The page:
Developing skills for HPC

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Robert Roe takes a look at the training and skills development opportunities for scientists using HPC in their research

Training and the development of specific skills to use HPC are becoming increasingly important as the number of users and potential applications continues to rise. Scientists and engineers in many disciplines can make use of HPC, it is not just a technology reserved for climate science and large scale astronomy simulations.

For many years most HPC users worked in national labs and were a relatively consistent set of employees involved in long-term research programmes. They were well supported by their research centres and Independent Software Vendors (ISVs) that continuously contributed time to training users and maintaining knowledge on the available tools. In contrast, many of the HPC users today have very different characteristics – they use HPC facilities intermittently and for short bursts of time. Today many more people need access to HPC facilities but do not necessarily have the experience and skills needed.

While these new users may be familiar with traditional cloud computing, which provides them with a bare-bones infrastructure to scale applications, they are less familiar with the HPC framework, which offers remote systems with pre-installed environments that are configured and targeted toward scientific computation.

Even though some uniformity does exist in the HPC world in terms of software stacks, the environments remain largely heterogeneous and therefore the users will be exposed to toolsets that they have never used before – or have very little experience with. As a result, these new users are not well-versed in the tools or systems, nor do they have a desire to gain in-depth, working knowledge of the infrastructure.

Furthermore, these users will rarely want to participate in full-scale training about a system they will only be used sporadically. This creates new challenges for developing successful training procedures for these HPC users.

In the typical HPC world, the most common type of training requests is either for an introductory course at the original purchase and delivery of the system, or for a set of advanced training packages for fine-tuning the skillsets of seasoned users. There has been an increase in the number of on-demand users and this, in turn, changes the type of training requests. There is a noticeable shift from users looking to learn all the bells and whistles to users wanting to maximise the use of tools for a specific problem. This is because the goal of HPC for these users is to solve a particular problem, to run a set of applications and receive a result, rather than to become experts in the use of HPC.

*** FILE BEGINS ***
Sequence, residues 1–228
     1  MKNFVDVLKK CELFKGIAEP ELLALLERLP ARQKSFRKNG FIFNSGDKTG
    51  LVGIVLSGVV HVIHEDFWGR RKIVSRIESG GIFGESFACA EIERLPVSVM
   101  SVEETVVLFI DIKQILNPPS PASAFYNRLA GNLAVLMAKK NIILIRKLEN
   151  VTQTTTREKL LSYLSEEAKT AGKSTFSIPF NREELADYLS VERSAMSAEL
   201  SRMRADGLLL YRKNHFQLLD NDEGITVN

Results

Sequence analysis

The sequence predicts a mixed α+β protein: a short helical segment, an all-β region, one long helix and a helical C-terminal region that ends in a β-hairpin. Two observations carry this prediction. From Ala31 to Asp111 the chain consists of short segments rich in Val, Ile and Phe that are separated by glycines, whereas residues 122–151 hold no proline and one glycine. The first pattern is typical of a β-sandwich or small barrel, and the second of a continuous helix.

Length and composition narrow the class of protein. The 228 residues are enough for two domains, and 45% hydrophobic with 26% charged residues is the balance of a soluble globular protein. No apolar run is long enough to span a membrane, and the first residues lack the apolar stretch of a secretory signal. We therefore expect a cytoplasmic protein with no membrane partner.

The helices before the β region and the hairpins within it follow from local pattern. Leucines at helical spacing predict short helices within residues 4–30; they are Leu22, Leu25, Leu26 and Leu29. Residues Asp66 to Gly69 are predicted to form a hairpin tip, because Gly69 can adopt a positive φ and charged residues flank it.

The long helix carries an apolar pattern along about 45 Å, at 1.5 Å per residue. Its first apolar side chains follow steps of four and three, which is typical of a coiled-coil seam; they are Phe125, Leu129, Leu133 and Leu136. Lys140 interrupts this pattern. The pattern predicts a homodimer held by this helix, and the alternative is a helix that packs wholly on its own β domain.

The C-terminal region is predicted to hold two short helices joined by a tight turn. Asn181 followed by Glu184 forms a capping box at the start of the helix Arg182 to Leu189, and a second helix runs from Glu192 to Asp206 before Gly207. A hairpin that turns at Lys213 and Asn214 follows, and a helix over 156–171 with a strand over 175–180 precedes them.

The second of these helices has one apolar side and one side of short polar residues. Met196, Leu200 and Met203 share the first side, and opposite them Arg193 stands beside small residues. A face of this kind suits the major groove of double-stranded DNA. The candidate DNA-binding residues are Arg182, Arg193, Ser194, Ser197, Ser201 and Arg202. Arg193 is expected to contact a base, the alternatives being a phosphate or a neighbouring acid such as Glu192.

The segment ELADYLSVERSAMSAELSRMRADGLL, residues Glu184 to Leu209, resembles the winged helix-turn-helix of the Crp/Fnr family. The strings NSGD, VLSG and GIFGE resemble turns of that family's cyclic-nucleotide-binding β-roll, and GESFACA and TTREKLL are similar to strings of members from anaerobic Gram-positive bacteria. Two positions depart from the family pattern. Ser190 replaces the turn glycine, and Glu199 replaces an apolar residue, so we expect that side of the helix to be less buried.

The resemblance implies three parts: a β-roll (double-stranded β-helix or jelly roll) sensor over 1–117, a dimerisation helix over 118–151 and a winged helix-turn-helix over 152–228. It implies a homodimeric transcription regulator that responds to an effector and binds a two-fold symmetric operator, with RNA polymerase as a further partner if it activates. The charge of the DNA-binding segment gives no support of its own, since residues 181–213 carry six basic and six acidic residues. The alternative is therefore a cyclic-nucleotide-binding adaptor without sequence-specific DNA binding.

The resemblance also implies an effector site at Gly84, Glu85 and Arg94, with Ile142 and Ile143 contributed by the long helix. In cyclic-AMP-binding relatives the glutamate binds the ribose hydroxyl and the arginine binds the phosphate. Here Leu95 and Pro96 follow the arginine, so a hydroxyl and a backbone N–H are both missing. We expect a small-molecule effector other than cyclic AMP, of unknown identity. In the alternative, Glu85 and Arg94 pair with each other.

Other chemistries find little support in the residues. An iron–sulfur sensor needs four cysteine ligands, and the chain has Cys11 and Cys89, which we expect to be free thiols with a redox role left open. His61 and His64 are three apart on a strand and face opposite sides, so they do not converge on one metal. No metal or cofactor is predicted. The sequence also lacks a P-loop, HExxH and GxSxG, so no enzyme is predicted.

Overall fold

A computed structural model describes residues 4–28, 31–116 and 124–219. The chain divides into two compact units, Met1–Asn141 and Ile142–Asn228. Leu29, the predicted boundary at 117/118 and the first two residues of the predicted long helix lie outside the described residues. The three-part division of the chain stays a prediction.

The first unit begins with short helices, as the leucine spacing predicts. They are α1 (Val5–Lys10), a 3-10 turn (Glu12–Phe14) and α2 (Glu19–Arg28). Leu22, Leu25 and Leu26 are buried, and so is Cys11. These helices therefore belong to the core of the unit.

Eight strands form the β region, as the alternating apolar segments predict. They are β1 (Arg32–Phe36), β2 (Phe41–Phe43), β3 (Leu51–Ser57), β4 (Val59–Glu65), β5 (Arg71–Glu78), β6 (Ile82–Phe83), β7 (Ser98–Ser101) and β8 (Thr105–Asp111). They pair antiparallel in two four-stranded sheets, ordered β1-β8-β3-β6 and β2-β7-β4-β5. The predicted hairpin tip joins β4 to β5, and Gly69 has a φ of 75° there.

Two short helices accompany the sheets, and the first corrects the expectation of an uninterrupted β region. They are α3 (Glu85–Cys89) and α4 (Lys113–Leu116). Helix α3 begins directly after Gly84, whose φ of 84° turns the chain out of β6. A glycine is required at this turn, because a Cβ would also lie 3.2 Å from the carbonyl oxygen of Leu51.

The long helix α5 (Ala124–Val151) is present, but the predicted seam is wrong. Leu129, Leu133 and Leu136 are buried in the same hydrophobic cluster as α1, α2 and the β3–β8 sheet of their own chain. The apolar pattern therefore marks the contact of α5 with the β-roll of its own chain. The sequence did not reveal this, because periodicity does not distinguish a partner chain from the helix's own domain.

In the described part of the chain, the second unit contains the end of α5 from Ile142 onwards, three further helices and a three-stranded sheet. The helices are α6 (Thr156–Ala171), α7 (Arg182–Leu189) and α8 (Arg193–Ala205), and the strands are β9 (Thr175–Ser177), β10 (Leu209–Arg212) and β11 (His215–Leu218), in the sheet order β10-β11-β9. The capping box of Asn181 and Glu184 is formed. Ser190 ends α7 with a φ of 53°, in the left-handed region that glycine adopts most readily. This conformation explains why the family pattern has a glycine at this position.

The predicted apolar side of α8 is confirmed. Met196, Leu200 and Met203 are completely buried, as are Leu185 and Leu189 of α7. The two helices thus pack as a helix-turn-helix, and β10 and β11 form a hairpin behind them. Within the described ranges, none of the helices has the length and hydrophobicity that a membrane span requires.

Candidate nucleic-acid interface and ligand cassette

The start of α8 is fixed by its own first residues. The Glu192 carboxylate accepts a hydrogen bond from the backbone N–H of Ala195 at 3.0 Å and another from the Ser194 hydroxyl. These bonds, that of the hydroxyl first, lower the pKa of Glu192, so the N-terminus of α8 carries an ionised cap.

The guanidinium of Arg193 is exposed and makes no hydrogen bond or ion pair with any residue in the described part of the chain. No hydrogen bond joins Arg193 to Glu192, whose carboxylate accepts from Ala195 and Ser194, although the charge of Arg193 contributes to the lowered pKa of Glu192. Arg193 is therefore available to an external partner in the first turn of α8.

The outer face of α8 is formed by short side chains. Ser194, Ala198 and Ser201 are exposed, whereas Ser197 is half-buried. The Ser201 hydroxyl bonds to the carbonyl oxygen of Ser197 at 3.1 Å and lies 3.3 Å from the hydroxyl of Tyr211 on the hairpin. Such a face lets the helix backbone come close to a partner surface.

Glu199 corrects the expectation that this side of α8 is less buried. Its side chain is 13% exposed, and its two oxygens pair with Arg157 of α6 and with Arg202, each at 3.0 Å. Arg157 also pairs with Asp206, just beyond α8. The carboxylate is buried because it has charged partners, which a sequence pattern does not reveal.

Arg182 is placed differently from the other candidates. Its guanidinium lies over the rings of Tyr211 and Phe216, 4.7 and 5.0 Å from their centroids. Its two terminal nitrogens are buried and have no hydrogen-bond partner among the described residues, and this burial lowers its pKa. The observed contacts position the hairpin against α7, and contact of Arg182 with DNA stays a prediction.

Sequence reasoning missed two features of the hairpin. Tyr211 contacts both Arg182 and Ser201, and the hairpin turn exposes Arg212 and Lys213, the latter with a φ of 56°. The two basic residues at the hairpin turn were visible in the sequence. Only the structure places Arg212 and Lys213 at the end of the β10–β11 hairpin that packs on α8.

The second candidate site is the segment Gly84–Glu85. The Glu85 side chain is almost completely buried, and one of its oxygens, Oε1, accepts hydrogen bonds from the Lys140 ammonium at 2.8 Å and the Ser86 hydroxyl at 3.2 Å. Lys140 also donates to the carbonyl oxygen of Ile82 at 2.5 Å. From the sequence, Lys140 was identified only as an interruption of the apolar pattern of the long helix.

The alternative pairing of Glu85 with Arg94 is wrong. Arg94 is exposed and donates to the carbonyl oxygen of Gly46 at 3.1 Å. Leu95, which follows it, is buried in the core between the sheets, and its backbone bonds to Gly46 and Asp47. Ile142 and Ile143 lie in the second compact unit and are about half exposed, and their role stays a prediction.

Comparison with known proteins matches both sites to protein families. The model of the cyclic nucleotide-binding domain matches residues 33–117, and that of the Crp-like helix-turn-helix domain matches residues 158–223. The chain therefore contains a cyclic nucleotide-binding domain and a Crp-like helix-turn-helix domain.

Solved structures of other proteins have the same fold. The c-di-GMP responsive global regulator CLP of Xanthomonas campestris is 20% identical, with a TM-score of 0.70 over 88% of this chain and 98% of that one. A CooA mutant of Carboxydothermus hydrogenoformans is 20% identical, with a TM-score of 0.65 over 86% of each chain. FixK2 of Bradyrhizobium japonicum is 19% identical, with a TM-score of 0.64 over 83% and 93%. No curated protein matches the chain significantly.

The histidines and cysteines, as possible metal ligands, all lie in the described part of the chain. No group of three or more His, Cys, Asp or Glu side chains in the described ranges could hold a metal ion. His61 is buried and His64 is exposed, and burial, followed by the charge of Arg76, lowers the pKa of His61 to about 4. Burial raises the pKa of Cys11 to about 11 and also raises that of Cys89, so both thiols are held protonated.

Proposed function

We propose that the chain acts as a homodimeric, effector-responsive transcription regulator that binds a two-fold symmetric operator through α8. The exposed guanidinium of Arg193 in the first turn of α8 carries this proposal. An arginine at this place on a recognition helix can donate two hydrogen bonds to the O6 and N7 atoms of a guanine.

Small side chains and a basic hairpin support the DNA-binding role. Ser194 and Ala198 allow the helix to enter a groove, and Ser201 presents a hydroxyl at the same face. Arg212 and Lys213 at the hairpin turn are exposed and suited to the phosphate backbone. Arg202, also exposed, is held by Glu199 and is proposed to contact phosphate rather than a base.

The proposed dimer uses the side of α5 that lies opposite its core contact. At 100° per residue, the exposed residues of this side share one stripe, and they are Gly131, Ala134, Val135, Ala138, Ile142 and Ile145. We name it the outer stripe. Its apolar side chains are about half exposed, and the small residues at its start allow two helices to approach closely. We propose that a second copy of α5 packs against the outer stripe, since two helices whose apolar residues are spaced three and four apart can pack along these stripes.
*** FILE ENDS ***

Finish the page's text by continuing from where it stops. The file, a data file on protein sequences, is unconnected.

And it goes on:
As HPC users become more common, and the use cases become more ubiquitous, it stands to reason that some users just need HPC on-demand rather than the traditional model. How can HPC facilities support these sporadic or part-time users alongside the more traditional users that demand frequent access to HPC systems.

HPC facilities are being challenged to provide more frequent and accessible training. In essence, they will have to take on a consumer-oriented model, in which the advice is narrowly focused on the task at hand, versus the model of a technical college that provides a full curriculum for developing an expert.

Regional HPC training and support

There are several opportunities for HPC training and skills development at various levels from introductory courses to application development and preparatory access to large scale tier-0 facilities. In this feature, we will discuss options available predominantly in the UK and Europe but this will by no means be an exhaustive list of the training options available to HPC users.

In the UK, training and skills development is predominantly provided by the Edinburgh Parallel Computing Centre (EPCC) and universities that have their own HPC resources. The EPCC, for example, is one of the major providers of training in high performance computing (HPC) in Europe, offering a range of courses for users of HPC throughout the UK and Europe.

ARCHER Training: The UK national supercomputing service, ARCHER, provides large amounts of HPC training that is free for all UK academics. Courses cover a range of abilities from beginner to advanced and are run at a variety of locations around the UK.

University of Bristol ACRC Training: The Advanced Computing Research Centre (ACRC) at the University of Bristol runs a number of HPC training courses and the majority of their material is freely available online for people to study remotely.

Bristol offers training and support across several primary areas including Linux and specific training for the various clusters at the university’s disposal. Before users are allowed to access the HPC systems they need to demonstrate some understanding of Linux and the University offers short courses on Linux and an intro to HPC training, access to the BlueCrystal HPC systems is also available for more advanced users or those with specific application requirements.

PRACE: The Partnership for Advanced Computing in Europe (PRACE) offers a number of different training opportunities including the PRACE Advanced Training Centre (PATC), PRACE training portal and access to advanced skills development PRACE training centres. These facilities deliver regular programmes of courses in many aspects of HPC and advanced computing. Bristol is an example of a university that offers several courses to support HPC users developing their skills. This includes introductory courses and more advanced offerings for experienced users.

PRACE and European training